force. The piece emphasized with great tact and intelligence the street pattern of the city, in this case the broad, arrow-straight line of Franklin Boulevard that leads directly from City Hall to the knoll on top of which sits the museum temple. It interacted strikingly with other man-made aspects of its environment: fountains, equestrian statues, office buildings, street lights…These relationships changed radically as one changed one’s vantage point, and in view of the enormous territory covered by the piece, these possibilities were immense…” Forgey, Benjamin. Art in America, September-October 1973, Rockne Krebs at the Philadelphia Museum of Art.
"Krebs, for all his precision, thinks about light like a mystic…"
How is it beautiful? How is it art? What is it, in fact, that Krebs has done? In the first place, unlike many of the unhappy couplings of art and technology… in the heady days of the mid-‘60s, Krebs’s laser environments represent a triumph of vision of over technique.
After all, the idea of making “sculpture” out of a non-material “substance” such as light is in itself an incisive bit of poetry, and when you get down to it, Krebs, for all his precision, thinks about light like a mystic…
On Franklin’s Footpath, Davis’ street painting, the trees enveloped me in almost total darkness. The laser beams seemed like everlasting comet trails – pure, inexplicable, beautiful.” Forgey, Benjamin. The Evening Star and The Washington Daily News, May 1973, A Spectacle of Light.
aging statues sprinkled through cities. They once seemed large as life, or larger, but they seem so no longer…It is the city that has killed them…where the city pushes in the monuments seem lost. Our cities are too big, too busy, all sculpture seems too small. Krebs’ work, as you might guess, is huge...It succeeds because it is not made of steel, or of bronze or plastic. It is made of light….Though weightless and insubstantial, they manage to wholly dominate their visual competition." Richard, Paul. The Washington Post, 1973, The City at Night Is Light. *This article appeared in several other newspapers around the country and abroad.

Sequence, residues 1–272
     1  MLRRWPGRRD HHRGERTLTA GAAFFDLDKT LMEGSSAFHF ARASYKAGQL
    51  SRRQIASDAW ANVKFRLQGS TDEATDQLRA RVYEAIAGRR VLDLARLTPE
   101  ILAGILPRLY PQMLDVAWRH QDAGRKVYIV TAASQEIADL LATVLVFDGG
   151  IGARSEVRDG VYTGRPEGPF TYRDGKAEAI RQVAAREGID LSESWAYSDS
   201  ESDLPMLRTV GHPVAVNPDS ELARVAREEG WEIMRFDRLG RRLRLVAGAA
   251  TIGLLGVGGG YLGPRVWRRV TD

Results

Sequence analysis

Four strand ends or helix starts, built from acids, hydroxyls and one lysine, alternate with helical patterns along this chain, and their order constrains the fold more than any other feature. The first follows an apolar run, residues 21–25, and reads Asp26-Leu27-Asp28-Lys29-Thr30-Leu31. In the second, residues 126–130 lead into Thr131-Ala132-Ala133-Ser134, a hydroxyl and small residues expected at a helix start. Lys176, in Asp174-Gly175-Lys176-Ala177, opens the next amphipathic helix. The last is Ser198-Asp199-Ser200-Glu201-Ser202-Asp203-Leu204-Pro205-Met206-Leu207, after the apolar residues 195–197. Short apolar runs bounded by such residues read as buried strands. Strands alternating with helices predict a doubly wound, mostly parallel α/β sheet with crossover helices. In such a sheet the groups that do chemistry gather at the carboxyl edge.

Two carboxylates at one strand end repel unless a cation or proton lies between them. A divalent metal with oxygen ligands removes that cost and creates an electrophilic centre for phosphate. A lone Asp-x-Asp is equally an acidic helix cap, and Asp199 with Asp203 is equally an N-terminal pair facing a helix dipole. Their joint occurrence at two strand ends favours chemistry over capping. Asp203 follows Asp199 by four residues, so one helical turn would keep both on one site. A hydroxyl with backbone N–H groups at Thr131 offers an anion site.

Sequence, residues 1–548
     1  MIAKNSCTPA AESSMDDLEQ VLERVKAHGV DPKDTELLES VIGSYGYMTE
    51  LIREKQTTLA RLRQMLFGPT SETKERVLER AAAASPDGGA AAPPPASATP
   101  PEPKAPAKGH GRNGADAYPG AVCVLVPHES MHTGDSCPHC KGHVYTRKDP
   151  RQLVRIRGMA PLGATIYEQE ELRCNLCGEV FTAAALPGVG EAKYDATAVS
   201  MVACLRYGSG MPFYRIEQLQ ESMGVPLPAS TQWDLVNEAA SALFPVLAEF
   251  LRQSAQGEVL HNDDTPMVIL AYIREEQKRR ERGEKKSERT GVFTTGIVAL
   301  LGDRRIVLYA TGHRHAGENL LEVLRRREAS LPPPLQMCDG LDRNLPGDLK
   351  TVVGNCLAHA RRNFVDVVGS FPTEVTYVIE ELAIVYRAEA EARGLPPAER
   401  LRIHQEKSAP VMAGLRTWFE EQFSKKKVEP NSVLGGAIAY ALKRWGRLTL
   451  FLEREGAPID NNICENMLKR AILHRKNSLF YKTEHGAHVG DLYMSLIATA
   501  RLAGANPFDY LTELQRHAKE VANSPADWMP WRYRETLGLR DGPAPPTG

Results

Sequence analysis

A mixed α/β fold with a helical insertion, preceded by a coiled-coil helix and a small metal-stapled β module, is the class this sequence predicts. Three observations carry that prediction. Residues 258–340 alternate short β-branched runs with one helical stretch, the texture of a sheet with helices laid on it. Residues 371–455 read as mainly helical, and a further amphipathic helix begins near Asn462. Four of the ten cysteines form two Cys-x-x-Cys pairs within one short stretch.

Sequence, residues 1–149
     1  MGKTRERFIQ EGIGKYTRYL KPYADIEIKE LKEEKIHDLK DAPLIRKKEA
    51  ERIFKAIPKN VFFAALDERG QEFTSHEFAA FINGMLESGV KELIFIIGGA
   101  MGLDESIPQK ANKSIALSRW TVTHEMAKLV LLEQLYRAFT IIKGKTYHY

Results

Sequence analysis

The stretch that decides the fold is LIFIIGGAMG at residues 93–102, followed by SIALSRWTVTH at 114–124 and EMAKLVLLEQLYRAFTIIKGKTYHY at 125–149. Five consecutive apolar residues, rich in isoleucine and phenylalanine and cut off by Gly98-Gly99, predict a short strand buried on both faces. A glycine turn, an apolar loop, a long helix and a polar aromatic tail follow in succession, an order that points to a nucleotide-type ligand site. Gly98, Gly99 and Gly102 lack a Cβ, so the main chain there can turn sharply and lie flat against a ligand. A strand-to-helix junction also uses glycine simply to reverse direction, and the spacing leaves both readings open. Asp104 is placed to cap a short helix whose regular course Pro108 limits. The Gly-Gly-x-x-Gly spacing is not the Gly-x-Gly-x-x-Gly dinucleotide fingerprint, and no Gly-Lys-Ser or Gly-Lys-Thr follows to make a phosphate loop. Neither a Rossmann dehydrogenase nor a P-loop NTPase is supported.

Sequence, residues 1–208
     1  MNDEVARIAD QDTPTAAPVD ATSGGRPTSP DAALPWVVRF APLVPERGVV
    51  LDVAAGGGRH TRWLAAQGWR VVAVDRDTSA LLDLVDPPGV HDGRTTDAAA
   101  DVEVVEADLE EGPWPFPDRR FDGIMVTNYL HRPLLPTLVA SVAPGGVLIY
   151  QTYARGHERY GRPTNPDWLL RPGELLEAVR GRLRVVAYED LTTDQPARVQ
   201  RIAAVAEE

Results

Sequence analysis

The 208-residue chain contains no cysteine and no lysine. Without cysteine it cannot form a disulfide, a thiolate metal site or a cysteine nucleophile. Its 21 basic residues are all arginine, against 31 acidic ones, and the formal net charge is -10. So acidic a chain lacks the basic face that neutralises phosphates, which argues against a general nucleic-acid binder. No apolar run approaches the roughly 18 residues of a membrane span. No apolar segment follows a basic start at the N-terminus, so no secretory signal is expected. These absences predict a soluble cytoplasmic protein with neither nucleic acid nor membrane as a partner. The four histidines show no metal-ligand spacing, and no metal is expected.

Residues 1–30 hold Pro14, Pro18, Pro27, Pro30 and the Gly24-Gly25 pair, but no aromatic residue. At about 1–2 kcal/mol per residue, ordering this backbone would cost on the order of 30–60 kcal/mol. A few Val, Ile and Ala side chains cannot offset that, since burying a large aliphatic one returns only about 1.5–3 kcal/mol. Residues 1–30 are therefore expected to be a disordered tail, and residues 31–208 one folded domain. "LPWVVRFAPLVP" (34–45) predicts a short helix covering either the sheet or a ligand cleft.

“I found myself thinking of an evening in 1973, in balmier weather, when I walked from my apartment a few blocks from the Art Museum to see another temporary installation there, Sky Bridge Green by Rockne Krebs.
It consisted of a green laser beam shot from the Art Museum to a mirror atop City Hall and bounced several times across the Parkway. The atmosphere was like a party. People kept throwing objects to see if they could make this monumental beam of light disappear for a split second.
It was so much fun seeing the amazing light and the community it created,
I went back for several more evenings to see it again and again.
The Krebs piece dramatized the polarities of the Parkway — with one end in the heart of the city with its commerce and politics, the other at the Art Museum, representing aesthetic contemplation and the gateway to a natural world beyond. On the ground, the Parkway often falls short, but Krebs’ work shined a new kind of light on the ideals that brought it into being.”
- Hine, Thomas. The Philadelphia Inquirer, January 24, 2019.
Thank you, George Terry
Closing Reception Sunday, March 2, 2014, 6-8pm.
What's Up: New Technologies in Art curated by Harriet Lesser.
Press Release (click)
created by George Terry
1965 Trip to Bennington College, Bennington, Vermont to visit
Anthony Caro and Kenneth Noland.
Began plexiglass pieces.
1967 First experimentations with lasers, ideas for projection of color transparencies into a controlled atmosphere of vapor.